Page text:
The need for the corrective and structural intervention such as the Mandate Paper is to enhance the precision and targeting of budget allocation to NDP objectives through the identification annually of a set of priorities, reflective of objective assessment and conditions at the time. The Mandate Paper therefore allows the MTEF Budget to be much more agile and response instruments of resource allocation to deal with both parameters of the expenditure and revenue generation.

The Mandate Paper is an addition to our planning tools to ensure effective prioritisation and ensure that resource allocation supports implementation of the NDP, within the prevailing socio-economic context and fiscal framework. The Mandate Paper process precedes and guides the budget process. The budget processes will continue to be managed by the National Treasury in terms of the Public Finance Management Act.

The Mandate Paper is an instrument for budget prioritisation, and the process through which it is developed, will be strengthened as part of the process of institutionalizing planning, which includes the introduction of legislation. Next Year and in the future the Mandate Paper will be completed earlier in the planning cycle by the end of April each year, to guide all State Institutions in developing their budget proposals for the following financial year.

Internationally, several countries considered to be Developmental States have adopted the National Development Plan similar to the NDP: Vision 2030. Some other countries have complemented their planning instruments with Budget Prioritisation Frameworks such as the Mandate Paper to guide budget allocations and determine priority spending areas. Our vision of South Africa as a developmental state is rooted in our realities of its mixed economy, in which the inclusive reconstruction and development achieves socio- economic transformation, reduce inequality, deracialize the economy and ensure state participation in strategic sectors.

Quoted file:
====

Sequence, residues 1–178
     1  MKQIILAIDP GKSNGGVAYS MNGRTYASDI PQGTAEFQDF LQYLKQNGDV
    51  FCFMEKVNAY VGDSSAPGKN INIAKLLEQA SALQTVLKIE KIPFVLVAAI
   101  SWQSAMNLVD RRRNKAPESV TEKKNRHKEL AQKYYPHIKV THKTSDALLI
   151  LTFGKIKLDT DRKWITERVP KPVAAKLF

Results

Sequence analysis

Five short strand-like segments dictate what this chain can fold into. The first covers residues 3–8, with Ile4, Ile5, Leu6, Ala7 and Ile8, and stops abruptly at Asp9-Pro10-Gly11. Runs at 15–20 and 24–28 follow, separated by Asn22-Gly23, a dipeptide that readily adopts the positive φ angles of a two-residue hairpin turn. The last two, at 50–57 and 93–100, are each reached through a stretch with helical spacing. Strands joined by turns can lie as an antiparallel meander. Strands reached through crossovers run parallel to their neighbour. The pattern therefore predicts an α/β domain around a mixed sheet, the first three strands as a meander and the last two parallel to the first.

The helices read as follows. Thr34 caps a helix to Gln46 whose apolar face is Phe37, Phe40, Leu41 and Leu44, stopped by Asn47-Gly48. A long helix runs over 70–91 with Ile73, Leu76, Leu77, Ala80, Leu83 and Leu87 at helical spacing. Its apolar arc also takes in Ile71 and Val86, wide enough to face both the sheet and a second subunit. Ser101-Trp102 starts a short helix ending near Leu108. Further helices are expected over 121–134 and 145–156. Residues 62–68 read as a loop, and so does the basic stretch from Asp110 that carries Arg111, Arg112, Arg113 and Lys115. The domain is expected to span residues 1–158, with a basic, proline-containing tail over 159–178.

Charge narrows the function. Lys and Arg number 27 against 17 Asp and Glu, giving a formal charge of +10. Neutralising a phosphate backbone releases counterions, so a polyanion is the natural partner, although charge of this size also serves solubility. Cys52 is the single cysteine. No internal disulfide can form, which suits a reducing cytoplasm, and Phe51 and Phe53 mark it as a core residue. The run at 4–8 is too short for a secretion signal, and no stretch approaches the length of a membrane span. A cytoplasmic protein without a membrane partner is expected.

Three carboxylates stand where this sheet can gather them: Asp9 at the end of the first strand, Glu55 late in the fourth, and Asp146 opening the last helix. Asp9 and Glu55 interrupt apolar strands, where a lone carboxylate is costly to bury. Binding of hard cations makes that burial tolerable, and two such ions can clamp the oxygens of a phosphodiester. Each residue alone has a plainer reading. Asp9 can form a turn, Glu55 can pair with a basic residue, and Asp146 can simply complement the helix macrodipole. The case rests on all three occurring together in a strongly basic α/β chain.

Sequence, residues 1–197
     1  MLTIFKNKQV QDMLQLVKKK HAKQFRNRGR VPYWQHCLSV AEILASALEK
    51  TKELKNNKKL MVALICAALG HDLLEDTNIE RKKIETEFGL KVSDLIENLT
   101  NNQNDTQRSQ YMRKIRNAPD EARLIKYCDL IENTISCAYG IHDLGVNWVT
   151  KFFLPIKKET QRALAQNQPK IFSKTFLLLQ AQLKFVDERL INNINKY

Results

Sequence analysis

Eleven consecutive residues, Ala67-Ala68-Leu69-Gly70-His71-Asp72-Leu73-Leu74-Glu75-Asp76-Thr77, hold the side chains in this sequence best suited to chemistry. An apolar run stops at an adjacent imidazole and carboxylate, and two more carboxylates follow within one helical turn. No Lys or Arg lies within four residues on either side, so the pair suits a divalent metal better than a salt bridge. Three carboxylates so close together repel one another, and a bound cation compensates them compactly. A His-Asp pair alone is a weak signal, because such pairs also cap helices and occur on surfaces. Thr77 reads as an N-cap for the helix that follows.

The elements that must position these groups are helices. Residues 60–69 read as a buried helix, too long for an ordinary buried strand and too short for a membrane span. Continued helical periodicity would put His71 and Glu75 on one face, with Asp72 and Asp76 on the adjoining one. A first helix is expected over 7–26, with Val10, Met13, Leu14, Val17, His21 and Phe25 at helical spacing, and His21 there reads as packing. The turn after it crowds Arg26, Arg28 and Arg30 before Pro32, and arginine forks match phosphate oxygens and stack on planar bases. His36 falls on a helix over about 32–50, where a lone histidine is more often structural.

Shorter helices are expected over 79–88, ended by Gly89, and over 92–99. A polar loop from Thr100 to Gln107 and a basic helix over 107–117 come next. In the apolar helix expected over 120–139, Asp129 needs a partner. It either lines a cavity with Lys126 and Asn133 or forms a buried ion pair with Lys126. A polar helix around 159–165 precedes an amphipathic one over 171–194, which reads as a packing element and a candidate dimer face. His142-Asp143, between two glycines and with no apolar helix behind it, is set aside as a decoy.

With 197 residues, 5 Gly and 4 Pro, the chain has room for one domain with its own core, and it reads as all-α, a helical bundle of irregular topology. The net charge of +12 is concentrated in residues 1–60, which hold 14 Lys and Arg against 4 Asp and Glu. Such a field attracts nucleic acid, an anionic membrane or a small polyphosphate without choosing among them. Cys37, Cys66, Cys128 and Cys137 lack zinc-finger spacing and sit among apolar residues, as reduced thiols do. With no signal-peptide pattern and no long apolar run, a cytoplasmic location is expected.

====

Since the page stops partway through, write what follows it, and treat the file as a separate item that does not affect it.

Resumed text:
The NDP focus us on the overall objectives, supported by South Africans, to eradicate poverty and substantially reduce inequality by 2030 through the creation of jobs and accelerating inclusive economic growth.

It is critical that Government uses all the instruments at its proposal to drive job creation and growth. The annual Government budget, totaling R1.6 trillion in 2017/18 allocates resources to the various activities of Government and is central to making our plans a reality.

StatsSA recently released figures showing that poverty has not improved but worsened in our country. The importance of the mandate paper must be demonstrated by this example. Whilst the StatsSA data was released only a few weeks ago. The Mandate paper process for 2018 had already prioritised the key drivers of poverty for the Budget 2018 which are unemployment and years of schooling, and the priorities identified of job creating / small business development and education as the first key priorities.

Similarly, the Mandate Paper had already identified the priority of the agriculture sector, as had the Nine Point Plan. This decision has been supported by the recent economic growth GDP figures of 2.5%, for the first quarter of 2018/ 2019 taking our South African Economy out of a technical recession, but more importantly that this growth has been agriculture sector led, which was already identified as a Budget 2018 priority.  

The Mandate Paper builds on the mid-term review of performance against targets in Government’s Medium-Term Strategic Framework. It therefore factors in recent progress and challenges in Government’s performance and service delivery in the context of the NDP. The Mandate Paper takes stock of the current socio-economic conditions and its implications for the budget and society. Slow economic growth is impacting on Government revenues and therefore on Government’s ability to expand service delivery in critical areas. The fiscal constrains require even further the more robust and responsive reallocation of funds to the areas of greatest need away from areas that lack performance and have minimal impact.